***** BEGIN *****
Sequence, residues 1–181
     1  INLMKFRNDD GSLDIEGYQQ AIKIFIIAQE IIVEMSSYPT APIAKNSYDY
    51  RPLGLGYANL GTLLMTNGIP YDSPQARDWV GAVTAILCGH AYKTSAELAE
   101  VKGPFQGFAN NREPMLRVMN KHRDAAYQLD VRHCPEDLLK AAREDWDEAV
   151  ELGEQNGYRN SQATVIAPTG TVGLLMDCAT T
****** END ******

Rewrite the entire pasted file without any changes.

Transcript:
Sequence, residues 1–181
     1  INLMKFRNDD GSLDIEGYQQ AIKIFIIAQE IIVEMSSYPT APIAKNSYDY
    51  RPLGLGYANL GTLLMTNGIP YDSPQARDWV GAVTAILCGH AYKTSAELAE
   101  VKGPFQGFAN NREPMLRVMN KHRDAAYQLD VRHCPEDLLK AAREDWDEAV
   151  ELGEQNGYRN SQATVIAPTG TVGLLMDCAT T